Thus the answer to Mudzingwa's question is that there is NO difference between the indwelling Holy Spirit and the Spirit of Christ within the believer. There are no two "Spirits" that dwell in the new believer!!

    Del's comment also clarifies this question. (Thanks, Del. :) )

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    • Hello Inge. I'm happy that my comment has helped in any way. However, I believe I should be honest and mention that I have many questions regarding the doctrine of the trinity and I'm still doing my personal research. One of the things I find difficult is the teaching that Jesus Himself doesn't come to dwell in me but rather sends someone else. After all, Paul did say "Christ lives in me". I understand your thoughts thus far but please share any others you may have. much thanks

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      • Del, is it all right if I enter into this conversation? I feel that I may have a thought to share. Jesus told Philip, "He who has seen Me has seen the Father." (John 14:9) The unity within the Godhead is evidently so close that one Person is the equivalent of another. As I see it, Jesus has sent us the Holy Spirit as His personal respresentative, and the unity between Them is so complete that the one who has the Holy Spirit in his or her heart has Jesus there. Does this help?

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        • Certainly R.G. And I appreciate your thought. I'm thinking of 1 John 1:3 where John says "That which we have seen and heard declare we unto you, that ye also may have fellowship with us: and truly our fellowship [is] with the Father, and with his Son Jesus Christ." This indicates that it is really and truly Jesus and His Father that comes into our hearts personally and not someone else. Isn't/aren't there a fundamental difference/differences between the Father and Jesus? Aren't they distinct personalities despite the unity between them? And in John 14:9, what did Jesus really mean? Was He saying that He looks just like the Father or was He referring to nature?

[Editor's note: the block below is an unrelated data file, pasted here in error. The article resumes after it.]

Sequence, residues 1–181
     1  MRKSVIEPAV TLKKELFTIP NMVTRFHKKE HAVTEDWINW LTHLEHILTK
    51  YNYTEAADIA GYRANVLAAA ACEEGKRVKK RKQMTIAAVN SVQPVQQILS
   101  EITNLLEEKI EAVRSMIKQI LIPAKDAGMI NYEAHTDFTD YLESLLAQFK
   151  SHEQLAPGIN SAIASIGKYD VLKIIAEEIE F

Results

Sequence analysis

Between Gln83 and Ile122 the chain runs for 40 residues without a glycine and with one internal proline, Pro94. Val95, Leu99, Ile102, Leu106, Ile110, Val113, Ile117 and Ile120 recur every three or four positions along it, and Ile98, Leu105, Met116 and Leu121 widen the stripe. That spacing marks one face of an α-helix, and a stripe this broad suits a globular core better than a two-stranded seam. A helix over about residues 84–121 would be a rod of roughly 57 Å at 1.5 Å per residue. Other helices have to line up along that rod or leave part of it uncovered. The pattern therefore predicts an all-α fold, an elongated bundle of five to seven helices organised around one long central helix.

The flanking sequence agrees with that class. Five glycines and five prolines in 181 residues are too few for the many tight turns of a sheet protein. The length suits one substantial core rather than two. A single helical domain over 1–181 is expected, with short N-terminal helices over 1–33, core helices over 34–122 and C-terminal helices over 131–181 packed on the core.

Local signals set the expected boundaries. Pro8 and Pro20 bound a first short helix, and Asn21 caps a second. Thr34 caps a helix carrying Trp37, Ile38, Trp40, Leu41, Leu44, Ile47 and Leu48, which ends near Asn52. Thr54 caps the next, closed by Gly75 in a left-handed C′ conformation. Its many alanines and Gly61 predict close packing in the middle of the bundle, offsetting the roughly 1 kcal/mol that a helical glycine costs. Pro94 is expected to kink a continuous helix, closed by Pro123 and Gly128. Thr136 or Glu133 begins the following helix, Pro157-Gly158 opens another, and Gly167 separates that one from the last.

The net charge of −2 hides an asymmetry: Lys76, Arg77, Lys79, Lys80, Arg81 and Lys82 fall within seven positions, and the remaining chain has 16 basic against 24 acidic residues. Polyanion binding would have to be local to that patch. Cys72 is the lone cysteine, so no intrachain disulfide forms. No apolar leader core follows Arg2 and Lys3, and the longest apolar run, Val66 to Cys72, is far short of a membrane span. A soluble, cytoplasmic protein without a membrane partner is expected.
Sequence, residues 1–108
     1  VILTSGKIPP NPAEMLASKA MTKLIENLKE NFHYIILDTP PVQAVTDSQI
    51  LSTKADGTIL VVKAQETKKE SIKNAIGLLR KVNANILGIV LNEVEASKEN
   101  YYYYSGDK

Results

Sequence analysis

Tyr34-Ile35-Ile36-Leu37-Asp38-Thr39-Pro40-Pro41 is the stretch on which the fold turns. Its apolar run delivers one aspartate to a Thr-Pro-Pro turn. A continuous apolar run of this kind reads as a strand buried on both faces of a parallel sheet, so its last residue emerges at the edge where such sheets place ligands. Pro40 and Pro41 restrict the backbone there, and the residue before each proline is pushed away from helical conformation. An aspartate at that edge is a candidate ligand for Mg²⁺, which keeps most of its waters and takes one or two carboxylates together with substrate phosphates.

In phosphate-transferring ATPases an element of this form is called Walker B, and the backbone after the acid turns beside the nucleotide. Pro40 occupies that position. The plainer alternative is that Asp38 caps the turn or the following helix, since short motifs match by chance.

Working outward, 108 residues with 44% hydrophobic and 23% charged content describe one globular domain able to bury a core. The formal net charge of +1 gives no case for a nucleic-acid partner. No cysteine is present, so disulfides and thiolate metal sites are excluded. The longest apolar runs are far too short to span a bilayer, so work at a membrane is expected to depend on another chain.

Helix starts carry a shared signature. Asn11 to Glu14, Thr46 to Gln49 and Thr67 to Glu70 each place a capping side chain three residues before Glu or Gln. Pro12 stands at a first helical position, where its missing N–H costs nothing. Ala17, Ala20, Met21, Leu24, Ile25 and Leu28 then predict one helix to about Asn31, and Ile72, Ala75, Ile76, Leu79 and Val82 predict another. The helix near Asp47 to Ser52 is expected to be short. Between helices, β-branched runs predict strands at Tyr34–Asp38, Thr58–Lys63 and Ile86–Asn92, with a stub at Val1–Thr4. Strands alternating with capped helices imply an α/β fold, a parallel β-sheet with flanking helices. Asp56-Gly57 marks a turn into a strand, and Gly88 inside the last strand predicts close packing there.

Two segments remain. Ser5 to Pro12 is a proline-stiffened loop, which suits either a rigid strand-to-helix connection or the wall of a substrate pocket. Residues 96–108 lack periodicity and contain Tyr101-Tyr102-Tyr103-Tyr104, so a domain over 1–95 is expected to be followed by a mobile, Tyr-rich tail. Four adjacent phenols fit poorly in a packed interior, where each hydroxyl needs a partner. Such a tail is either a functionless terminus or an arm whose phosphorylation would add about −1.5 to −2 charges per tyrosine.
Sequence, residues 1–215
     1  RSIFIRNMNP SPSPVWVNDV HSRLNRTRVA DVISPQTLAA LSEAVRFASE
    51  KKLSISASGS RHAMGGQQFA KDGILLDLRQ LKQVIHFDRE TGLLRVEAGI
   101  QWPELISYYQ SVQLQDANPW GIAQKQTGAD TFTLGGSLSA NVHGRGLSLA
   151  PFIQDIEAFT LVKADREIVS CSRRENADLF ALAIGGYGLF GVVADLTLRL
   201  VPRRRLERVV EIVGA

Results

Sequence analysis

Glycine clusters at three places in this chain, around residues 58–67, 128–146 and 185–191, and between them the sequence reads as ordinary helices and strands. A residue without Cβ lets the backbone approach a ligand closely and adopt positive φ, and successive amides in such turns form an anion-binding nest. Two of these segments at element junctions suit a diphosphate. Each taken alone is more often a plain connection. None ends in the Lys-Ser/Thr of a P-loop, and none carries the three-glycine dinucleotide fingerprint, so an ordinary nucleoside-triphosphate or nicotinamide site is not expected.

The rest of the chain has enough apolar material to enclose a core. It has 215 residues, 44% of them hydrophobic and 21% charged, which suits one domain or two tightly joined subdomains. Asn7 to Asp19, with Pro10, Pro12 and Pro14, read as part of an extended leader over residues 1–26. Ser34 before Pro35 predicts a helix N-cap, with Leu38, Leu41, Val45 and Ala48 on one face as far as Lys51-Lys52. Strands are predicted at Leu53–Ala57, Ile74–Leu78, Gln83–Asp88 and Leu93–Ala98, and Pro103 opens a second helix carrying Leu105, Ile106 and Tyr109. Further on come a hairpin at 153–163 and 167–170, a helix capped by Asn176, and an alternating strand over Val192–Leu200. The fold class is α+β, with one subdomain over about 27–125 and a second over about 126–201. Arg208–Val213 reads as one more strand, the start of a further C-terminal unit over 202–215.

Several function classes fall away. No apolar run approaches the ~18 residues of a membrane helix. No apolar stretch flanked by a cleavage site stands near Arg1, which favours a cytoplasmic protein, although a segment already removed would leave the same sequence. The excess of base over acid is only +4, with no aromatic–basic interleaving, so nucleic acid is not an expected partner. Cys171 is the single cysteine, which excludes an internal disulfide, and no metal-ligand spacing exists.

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        • Thank you for the good questions, Del. In John 14:9, I believe that Jesus was referring to the extreme unity between Himself and the Father -- something for which there is no real earthly parallel. Thus, while there are, in my view, three Persons in the Godhead, the question of which Person we are dealing with is of no real consequence to us.

          As I see it, this is why I John 1:3 can say that our fellowship is with the Father and the Son, even though we are actually enjoying the physical presence and communion of the Holy Spirit. That's how close the three really are!

          May God bless you, Del.

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        • @ Del who wrote:
          "One of the things I find difficult is the teaching that Jesus Himself doesn’t come to dwell in me but rather sends someone else. After all, Paul did say “Christ lives in me”."

          We need to remember that Christ took on a human body, and when He was resurrected, it was with that same human body. Through the incarnation He has linked Himself with humanity for eternity. As such, He has limited Himself to a human, though glorified, body. That's why He said that it was "good" that He would go away, so the Holy Spirit would come. (John 16:7) He could no longer be present in more than one place at a time, due to His human body, but the Holy Spirit is not limited thus and represents Christ to every believer.

          Del also wrote:
          "Isn’t/aren’t there a fundamental difference/differences between the Father and Jesus? Aren’t they distinct personalities despite the unity between them?"

          It was just such a concept that the teaching of ONE God in three Persons is designed to prevent. The unity between the three Persons of the Godhead is much more than we can imagine between three human persons.